ate not from your body the affections of a whole Empire' As your friend, as the friend of my order, as the friend of my country, as the faithful servant of my sovereign, I counsel you to assist, with your uttermost efforts, in preserving the peace, and upholding and perpetuating the Constitution. Therefore, I pray and exhort you not to reject this measure. By all you hold most dear, by all the ties that bind every one of us to our common order and our common country, I solemnly adjure you, I warn you, I implore you, -- yea, on my bended knees, I supplicate you,
reject not this bill !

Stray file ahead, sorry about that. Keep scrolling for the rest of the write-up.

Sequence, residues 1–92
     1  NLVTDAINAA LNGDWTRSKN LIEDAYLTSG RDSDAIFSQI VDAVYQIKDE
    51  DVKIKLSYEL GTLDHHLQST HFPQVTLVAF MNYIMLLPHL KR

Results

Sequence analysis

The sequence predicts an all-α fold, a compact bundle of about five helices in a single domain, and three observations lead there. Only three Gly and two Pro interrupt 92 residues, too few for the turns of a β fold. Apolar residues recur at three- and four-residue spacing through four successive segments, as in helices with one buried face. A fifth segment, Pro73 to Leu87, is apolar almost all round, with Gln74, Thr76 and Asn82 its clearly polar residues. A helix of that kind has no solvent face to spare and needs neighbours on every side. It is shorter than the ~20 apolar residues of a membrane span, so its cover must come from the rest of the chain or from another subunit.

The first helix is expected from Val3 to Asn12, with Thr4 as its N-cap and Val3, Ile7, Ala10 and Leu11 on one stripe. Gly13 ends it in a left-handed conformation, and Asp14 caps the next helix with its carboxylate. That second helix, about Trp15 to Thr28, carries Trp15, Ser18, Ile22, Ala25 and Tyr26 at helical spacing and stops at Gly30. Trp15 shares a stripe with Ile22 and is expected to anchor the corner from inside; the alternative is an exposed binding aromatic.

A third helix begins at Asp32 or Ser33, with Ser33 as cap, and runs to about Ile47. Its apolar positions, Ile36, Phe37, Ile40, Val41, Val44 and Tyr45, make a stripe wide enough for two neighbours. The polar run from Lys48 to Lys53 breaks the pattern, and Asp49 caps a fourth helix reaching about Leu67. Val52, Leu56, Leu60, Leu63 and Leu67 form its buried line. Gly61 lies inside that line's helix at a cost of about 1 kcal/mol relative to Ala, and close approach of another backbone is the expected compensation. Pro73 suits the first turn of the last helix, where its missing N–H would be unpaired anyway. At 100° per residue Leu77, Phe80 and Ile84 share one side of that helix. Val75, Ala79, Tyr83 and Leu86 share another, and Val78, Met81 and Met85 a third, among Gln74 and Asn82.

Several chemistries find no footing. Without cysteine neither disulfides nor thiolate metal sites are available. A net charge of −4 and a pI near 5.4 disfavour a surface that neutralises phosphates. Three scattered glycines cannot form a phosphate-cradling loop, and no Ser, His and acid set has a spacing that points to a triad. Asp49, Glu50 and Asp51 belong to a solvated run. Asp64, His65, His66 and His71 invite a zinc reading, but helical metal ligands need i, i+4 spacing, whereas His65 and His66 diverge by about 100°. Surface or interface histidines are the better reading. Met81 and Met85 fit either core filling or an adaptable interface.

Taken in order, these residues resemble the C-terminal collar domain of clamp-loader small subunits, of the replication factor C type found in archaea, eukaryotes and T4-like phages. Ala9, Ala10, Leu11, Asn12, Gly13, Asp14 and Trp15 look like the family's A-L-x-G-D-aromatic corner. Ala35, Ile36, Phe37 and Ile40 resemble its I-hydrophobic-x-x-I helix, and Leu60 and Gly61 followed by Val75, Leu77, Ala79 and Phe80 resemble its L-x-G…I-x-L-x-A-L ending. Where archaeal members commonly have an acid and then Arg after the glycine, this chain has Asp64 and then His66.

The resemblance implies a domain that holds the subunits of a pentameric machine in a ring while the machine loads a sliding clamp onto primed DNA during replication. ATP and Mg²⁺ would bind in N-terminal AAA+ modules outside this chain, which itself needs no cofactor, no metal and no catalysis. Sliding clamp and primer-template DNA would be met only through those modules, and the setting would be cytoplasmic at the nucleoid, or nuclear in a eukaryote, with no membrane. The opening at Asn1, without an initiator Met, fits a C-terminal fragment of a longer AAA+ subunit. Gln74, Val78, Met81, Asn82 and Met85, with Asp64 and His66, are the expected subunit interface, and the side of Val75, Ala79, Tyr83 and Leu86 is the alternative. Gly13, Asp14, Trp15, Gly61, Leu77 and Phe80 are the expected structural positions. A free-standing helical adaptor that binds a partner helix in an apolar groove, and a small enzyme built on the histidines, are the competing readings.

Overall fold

102. UNIVERSAL RELIGIOUS LIBERTY. - Daniel O'Connell. Daniel O'Connell, the great Irish “agitator," or "liberator,” as he was frequently ealled, was: born in the county of Kerry, Ireland, in 1775. He died in 1847. "His was that marvellous. admixture of mirth, pathos, drollery, earnestness, and dejection,” says Charles Phillips, “which, well compounded, form the true Milesian. He could whine and wheedle, and wink with oneeye while he wept with the other. llis fun was inexhaustible.” O'Connell was apt to be too. violent and vituperative in his denunciations, and they consequently failed of their effect. The abuse that is palpably exaggerated is not much to be feared.